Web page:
Lavelle said the decision by Cunningham Energy appears to be based in part on information released by state geologists, indicating that Athens County is outside of the richest part of the Utica shale formation for oil and/or natural gas. (He also suggested, however, that the presence of “an outspoken minority group opposed to all hydrocarbon development” may be making Athens County less attractive to investors than other Ohio counties.)
After the Ohio Department of Natural Resources’ state geologist released a map indicating that Athens County may be 20-30 miles south of the high-potential part of the shale play, Lavelle said, a number of Fortune 500-sized industry players dropped their interest in investing in drilling here.
“The big companies are using that map as a bludgeon,” he said. “Basically, they just left the table.”
OTHER SOURCES, HOWEVER, HAVE POINTED out that the big companies have their own geology reports, much more sophisticated and complete than anything Ohio’s state geologist has to go by. As a result, the big companies weren’t likely to have been discouraged by the state’s geology report, since they already have their own better information.
In fact, in an interview with The Athens NEWS in late March, state Geologist Larry Wickstrom readily conceded that the newest report is just a semi-informed prediction about where deep-shale drilling will bear fruit in Ohio. The report depends on scanty test-bore evidence, especially in our area, he said, also agreeing that the big oil companies have much better and more valuable information.
Wickstrom made special pains to point out that being placed outside the best-case Utica map doesn’t necessarily mean successful oil and gas development can’t happen in Athens County.
In the interview, Wickstrom emphasized that his agency “fully expects people to go outside that core area and explore, and we hope they do.”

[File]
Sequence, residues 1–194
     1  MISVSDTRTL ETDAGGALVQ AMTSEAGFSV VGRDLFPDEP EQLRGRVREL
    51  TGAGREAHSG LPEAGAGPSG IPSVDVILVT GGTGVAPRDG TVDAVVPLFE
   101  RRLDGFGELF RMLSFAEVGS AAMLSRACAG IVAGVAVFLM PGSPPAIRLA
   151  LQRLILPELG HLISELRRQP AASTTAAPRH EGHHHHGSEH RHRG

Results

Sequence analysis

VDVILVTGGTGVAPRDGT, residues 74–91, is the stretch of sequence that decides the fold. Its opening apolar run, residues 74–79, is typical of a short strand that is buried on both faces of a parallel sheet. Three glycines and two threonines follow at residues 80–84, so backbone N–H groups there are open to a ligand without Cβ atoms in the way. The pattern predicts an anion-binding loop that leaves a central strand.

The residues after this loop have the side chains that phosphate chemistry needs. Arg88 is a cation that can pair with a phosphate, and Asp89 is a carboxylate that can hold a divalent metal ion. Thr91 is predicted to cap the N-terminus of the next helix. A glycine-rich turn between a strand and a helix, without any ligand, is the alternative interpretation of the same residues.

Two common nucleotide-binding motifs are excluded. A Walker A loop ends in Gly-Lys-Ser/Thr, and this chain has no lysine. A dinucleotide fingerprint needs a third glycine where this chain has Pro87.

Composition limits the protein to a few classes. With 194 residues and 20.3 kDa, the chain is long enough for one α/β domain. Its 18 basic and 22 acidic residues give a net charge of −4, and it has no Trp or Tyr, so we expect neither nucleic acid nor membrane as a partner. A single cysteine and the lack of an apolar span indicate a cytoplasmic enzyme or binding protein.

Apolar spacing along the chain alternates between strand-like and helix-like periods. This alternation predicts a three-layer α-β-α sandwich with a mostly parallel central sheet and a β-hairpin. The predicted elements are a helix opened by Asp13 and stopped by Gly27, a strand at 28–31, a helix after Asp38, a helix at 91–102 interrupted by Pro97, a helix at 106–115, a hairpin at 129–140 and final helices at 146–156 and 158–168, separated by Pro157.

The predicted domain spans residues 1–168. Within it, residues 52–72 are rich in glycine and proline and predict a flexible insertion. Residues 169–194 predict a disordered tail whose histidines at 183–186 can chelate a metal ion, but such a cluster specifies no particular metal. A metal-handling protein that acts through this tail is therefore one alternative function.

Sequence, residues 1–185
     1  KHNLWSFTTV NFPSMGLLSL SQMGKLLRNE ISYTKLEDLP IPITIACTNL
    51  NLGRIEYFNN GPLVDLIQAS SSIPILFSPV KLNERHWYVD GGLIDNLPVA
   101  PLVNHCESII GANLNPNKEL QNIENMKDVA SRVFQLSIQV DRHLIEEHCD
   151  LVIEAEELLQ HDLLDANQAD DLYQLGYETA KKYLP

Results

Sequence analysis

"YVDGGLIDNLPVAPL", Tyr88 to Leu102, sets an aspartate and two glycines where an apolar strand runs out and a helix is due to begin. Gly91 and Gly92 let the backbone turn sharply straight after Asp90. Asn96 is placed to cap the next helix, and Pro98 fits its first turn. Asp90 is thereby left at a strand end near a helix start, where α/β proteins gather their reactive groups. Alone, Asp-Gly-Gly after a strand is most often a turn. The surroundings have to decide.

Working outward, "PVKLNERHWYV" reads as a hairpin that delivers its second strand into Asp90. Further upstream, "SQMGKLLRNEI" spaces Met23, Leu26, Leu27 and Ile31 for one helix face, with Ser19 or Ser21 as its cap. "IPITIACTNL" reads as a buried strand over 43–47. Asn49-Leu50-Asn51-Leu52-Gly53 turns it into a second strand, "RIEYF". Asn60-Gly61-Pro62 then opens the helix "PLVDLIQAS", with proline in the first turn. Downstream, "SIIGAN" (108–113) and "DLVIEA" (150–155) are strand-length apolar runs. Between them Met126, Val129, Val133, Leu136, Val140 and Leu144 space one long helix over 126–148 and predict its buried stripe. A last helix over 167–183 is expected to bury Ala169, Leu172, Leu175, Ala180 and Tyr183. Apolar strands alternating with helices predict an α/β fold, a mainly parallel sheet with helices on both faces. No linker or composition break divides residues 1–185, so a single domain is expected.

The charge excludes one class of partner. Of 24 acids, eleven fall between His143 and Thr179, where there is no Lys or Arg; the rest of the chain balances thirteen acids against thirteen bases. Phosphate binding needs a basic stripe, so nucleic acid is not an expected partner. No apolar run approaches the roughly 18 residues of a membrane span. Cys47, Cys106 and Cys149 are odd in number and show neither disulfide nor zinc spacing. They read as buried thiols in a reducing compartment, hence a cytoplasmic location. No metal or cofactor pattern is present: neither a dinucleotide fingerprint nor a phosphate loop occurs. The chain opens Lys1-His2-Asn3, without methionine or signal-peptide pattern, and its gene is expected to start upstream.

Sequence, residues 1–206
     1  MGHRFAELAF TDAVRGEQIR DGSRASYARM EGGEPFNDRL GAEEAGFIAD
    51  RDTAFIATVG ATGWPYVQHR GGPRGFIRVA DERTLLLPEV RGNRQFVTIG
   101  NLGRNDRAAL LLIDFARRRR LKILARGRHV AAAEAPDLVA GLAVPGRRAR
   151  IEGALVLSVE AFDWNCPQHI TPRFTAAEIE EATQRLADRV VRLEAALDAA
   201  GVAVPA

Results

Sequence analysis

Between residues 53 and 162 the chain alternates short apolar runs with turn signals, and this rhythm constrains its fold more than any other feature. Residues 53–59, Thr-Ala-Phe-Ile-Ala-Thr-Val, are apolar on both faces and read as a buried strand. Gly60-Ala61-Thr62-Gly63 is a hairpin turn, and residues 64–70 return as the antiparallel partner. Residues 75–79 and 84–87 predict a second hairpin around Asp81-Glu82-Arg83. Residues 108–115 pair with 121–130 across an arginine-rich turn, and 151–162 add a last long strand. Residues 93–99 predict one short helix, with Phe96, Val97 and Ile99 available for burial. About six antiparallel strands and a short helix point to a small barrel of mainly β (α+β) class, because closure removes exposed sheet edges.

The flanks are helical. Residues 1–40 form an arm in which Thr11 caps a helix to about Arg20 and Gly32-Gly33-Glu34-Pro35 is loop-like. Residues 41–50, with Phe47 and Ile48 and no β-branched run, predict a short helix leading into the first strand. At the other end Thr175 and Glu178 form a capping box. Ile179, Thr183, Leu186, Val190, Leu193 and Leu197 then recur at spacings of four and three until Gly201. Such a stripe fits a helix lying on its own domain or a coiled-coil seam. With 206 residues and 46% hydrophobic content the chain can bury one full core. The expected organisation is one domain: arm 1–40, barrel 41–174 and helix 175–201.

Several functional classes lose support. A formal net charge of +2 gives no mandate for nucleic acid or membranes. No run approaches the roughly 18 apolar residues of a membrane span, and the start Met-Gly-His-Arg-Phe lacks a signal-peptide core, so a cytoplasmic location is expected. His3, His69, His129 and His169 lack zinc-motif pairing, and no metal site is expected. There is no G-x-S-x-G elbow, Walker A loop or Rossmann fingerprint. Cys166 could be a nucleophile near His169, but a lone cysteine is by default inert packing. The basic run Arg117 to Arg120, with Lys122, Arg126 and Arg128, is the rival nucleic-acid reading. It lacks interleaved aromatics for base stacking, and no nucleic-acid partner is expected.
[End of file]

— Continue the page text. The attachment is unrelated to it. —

He said he agreed with an oil and gas expert at Marietta College, who March 21 advised not to “abandon the ship” just yet on the oil and gas potential in the Athens area. “My feeling all along is that the most southeastern part of Ohio is on the marginal end, at best, of the Utica-Point Pleasant shale play,” Robert Chase, chair and professor in Marietta College’s Department of Petroleum Engineering and Geology, told The NEWS. “However, until someone gets bold enough to drill something in the area, I don’t think we can conclude there’s nothing here.”
As the drilling inches farther south in search of oil and liquid natural gas, production in nearby areas will have more bearing on what happens here. So far the closest oil and gas deep-shale wells are in Noble and Muskingum counties, but plans are afoot for wells in Morgan and Washington counties, two counties adjoining Athens to the north and east.
Another source familiar with the oil and gas industry and market noted that Cunningham’s difficulty in finding a venture partner may be because the big players in the oil and gas industry are busy developing deep-shale prospects elsewhere. With fully committed materials and crews, they can’t commit too early to an uncertain play, since most leases have a five-year production window.